"What is it, ol' fellers?" asked Hi, as hope revived. "Is it the water
ye are smellin'? Stiddy, thar! Stiddy!"
A few moments more, and Hi gave a shout of joy that was taken up and
sounded down the line. "The spring! The spring!"
A halt was made. Every drop of the precious water was carefully
portioned out so that each might have his share. Preparations were made
for the night. The wagons were pulled up in a circle. The oxen were
carefully secured that they might not wander away. Here and there a
flickering little fire was seen as the scanty "grub" was cooked. After
Hi had bolted his share he wrapped himself in his blanket and lay down
near his wagon. The large white top loomed dimly before him in the
A little while he stretched and twisted and turned uneasily until his
tired muscles relaxed. In his ears yet seemed to sound the "Squeak!
Squ-e-a-k! Scr-e-e-ch!" of the complaining wagon as it had bothered him
all afternoon. "Darn ye! Won't ye ever shet up?" he muttered as he
drifted off to sleep.
"Won't I ever shet up? I won't till I git good and ready!" The sharp,
shrill voice made Hi open his eyes with a start. Above him leaned the
huge form of an old woman in a white cap drawn close about her
wrinkled, seamed face, only partly distinguishable in the darkness. As
he lay blinking, trying to see her more plainly, the high falsetto
voice continued its plaint.
"Won't I ever shet up? A nice way thet is to talk to me, Hi Smith! Do I
iver grumble and snarl when ye treat me right? Hain't I been faithful
to ye through thick an' thin? Hain't I made a home fer ye all this hull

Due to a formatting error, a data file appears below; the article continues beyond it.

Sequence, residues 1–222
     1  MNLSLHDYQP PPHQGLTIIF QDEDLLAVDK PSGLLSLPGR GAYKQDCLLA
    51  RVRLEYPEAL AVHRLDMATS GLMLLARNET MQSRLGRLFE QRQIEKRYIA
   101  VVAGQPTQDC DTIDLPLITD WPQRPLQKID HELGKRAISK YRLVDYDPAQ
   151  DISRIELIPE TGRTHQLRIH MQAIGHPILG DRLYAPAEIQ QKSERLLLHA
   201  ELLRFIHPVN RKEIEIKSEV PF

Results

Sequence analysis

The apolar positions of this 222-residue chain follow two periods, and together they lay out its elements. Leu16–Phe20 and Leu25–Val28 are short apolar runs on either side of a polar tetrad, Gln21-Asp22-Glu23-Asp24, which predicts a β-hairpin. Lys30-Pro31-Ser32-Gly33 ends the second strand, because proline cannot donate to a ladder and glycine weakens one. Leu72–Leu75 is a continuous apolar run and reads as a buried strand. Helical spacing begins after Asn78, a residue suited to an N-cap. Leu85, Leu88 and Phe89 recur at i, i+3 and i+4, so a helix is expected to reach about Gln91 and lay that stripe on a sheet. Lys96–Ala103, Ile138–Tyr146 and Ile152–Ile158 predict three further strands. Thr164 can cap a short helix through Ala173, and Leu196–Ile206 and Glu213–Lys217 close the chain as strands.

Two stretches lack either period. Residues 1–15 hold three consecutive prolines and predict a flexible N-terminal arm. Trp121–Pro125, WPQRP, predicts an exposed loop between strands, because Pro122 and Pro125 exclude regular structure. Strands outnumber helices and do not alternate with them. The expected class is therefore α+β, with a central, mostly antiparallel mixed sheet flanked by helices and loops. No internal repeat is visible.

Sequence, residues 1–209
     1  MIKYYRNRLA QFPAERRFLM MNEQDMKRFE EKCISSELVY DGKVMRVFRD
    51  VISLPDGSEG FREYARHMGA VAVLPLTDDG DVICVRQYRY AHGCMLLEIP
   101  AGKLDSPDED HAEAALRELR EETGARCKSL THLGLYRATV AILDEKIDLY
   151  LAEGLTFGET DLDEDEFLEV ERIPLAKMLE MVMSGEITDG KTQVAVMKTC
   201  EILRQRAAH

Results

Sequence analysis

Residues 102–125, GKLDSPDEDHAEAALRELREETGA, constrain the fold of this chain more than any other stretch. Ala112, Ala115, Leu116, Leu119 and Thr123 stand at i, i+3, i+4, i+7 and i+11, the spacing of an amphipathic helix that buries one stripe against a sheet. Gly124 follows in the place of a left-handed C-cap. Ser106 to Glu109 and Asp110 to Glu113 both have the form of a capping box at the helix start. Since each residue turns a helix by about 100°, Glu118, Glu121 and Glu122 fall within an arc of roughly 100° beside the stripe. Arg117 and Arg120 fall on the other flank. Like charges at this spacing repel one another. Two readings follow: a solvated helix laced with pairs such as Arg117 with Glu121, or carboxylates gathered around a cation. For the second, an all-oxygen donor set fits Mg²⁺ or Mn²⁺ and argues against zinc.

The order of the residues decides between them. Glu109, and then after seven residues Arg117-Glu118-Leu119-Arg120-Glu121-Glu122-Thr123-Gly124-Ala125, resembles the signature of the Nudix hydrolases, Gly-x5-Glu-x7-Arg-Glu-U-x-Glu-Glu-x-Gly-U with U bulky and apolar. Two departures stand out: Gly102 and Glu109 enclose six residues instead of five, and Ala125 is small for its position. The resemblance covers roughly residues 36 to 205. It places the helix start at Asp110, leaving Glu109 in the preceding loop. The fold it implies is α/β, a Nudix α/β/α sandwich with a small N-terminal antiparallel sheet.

endurin' trip? Hain't I looked after yer grub and yer blankets and done
ever'thin' I could to make ye comfortable? Hain't I kep' the rain offen
ye at night? An' thet time the Injuns was after ye, didn't I stand
atween ye an' the redskins and pertect ye? Didn't I keep ye from
gittin' drownded when ye crossed thet river whar the current swep' the
beasteses offen their feet? Didn't I watch over ye and shield ye from
the sun when ye lay sick of the fever and hadn't nary wife to look
after ye? Hain't I follered after them dumb beasteses through mud and
water and over gravel and through clouds of alkali dust thick enough to
choke a person, and niver said a word? An' now, jest bekase I'm fair
swizzled up with the heat and ye fergit to give me some grease to rub
on my achin' j'ints, ye cuss me! Yis, I heerd ye! Ye needn't deny it!
A-cussin' of me who has taken the place of home an' mother to ye fer
years! I heerd ye! I he-e-rd ye! What d'ye mean, I say!" And the tirade
ended in a perfect screech of anger.
Thoroughly aroused, Hi rolled over and jumped hastily to his feet. He
looked all around. The old woman had mysteriously vanished. A coyotte
sneaked past him. Day was breaking in the east. The first gleam of
light fell on the white-topped wagon drawn up beside him.
He rubbed his eyes. "Wal, I swan!" he muttered, as he gazed
bewilderedly at the close-drawn white top looming above him. "Glad I
woke up airly! I'll hev time ter grease that thar wagon afore we